modernist world pose. However, I think we could see two groups of challenges, different, but
interweaved as well, unique to a postmodern worldview at some points, but also shared with all
the people on this earth, some touching on worldview in a more direct way, others just the
challenge of living in the 21st century, seen from a postmodern perspective.

“… from the very beginning, the missionary message of the Christian church incarnated
itself in the life and world of those who had embraced it. It is, however, only fairly
recently that this essentially contextual nature of the faith has been recognized” (Bosch
We only find some glimpses from Bosch (1995:58-59) on contextualization in the west. In
conclusion to Believing in the Future, he points out that maybe the gospel never has been
properly contextualized in western society, maybe overcontextualized (see also Bosch
1991:455). He do not attempt to point out that contextualization in the West will look like, but
pointed to the necessity of reflecting on this.

In this day and age contextualization within the West has also been proposed by others (Hirsch &
Frost 2003:84). In order to properly understand the radical position Bosch took in, let’s take a
quick look at the definition of contextualization used by Hirsch & Frost (2003:83-84). When
they use the term it points to a communication of the gospel to a culture in ways that make sense
to them, thus a translation of the gospel. “Daring” and “dangerous” in their view would be to go
beyond a reworking of church symbols and language, and also look at method and approach,
especially concerning evangelism. Although their approach is of much value, we need to
recognize the different understandings of contextualization, and understand what Bosch meant
with this.

Bosch (1991:421) deliberately limits his definition of contextualization to include only the
liberation theologies and inculturation, not making translation part of this. The significance of
this is the fact that after this he still ask for a contextualization in the West (1995:58), which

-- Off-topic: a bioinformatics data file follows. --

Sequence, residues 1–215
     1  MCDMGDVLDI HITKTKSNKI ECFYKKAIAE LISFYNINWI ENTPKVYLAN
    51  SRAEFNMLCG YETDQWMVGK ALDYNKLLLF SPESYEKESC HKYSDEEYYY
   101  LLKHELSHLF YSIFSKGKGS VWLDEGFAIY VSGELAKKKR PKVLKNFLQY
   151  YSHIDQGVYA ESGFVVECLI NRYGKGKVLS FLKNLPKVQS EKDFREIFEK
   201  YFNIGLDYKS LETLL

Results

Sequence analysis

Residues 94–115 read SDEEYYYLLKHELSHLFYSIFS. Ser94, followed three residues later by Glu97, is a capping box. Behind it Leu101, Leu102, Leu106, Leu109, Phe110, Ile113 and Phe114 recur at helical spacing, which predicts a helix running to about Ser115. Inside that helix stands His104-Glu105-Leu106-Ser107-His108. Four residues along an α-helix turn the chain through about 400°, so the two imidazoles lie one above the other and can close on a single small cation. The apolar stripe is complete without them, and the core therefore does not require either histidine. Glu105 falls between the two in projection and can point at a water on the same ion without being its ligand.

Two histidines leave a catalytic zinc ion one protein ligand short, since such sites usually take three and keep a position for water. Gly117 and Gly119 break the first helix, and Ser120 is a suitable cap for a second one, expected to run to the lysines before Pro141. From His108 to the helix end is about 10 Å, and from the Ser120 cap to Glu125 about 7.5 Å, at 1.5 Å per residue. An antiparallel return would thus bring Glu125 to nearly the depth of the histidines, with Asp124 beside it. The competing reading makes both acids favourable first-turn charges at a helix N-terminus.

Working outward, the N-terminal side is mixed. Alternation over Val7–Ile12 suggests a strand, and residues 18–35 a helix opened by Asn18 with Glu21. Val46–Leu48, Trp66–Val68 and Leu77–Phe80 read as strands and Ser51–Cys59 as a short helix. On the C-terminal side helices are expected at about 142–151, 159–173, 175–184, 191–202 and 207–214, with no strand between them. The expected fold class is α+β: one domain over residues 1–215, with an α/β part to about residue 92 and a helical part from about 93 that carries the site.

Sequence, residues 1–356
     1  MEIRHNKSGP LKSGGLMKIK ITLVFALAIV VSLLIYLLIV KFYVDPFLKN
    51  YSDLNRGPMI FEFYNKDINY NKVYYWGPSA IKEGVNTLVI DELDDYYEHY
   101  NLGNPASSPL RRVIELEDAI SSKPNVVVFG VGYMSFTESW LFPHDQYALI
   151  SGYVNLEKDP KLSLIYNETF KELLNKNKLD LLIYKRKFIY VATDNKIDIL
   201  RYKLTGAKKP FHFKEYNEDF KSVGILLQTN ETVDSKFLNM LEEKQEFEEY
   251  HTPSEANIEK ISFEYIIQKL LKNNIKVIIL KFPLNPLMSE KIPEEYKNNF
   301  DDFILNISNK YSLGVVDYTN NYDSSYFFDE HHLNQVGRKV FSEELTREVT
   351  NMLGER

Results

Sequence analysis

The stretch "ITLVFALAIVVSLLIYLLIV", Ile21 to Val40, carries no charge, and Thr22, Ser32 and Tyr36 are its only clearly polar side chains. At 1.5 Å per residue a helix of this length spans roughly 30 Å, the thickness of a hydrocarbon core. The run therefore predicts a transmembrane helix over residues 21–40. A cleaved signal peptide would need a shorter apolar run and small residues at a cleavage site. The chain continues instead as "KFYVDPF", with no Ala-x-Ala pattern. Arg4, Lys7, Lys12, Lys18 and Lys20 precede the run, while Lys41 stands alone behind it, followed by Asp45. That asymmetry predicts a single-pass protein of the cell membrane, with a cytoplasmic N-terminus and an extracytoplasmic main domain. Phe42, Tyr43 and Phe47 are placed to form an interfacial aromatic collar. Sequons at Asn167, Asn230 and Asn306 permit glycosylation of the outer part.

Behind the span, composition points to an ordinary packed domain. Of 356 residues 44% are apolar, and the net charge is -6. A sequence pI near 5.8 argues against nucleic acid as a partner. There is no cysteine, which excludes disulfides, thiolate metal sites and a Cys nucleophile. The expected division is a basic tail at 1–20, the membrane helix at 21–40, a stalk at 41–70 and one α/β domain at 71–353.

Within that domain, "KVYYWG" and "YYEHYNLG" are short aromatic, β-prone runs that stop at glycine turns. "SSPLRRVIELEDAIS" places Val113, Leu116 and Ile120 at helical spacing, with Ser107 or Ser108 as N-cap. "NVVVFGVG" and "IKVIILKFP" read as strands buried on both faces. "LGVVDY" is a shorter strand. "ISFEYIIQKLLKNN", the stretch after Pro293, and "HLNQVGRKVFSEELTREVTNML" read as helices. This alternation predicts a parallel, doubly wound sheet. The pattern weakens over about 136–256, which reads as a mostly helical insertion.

would imply even more than mere translation into new language. Although believing that the
gospel should always remain countercultural, Bosch (1991:452) propose a theological rethinking
when it comes to inculturation. The problem of the domesticated gospel of current Western
society (:455) ask for a rethinking which should lead also to interculturation (:455-457), since no
one culture has a final say on theology. For Bosch, inculturation thus implies a theological
rethinking within culture, but also the gospel becoming liberator of the culture.

Maybe a few notes on what this might look like before we continue to point to specific
challenges. In his own approach of interculturation, Bosch (1995:27-28, 35-36) also learn from
African and Asian theology and missiology. Important is the practice of a missiological theology
in these cultures (also Bosch 1991:489-497; Bosch 1995:32), and the bridging of the
orthodoxy/orthopraxy divide so prevalent in Western theology. Furthermore the fact that they are
theologies of the people, not the intellectual elite. It would seem like, if ever we could guess
what a contextualized theology in postmodern Western society would have looked like for
Bosch, this would most probably have been part of it. Another would have been Christians that
play a more public role, religion not being withdrawn to the private (1995:33-35). In this process
of contextualization, it is not, however, the postmodern philosophers which should stand central,
but the reality of the world we live in.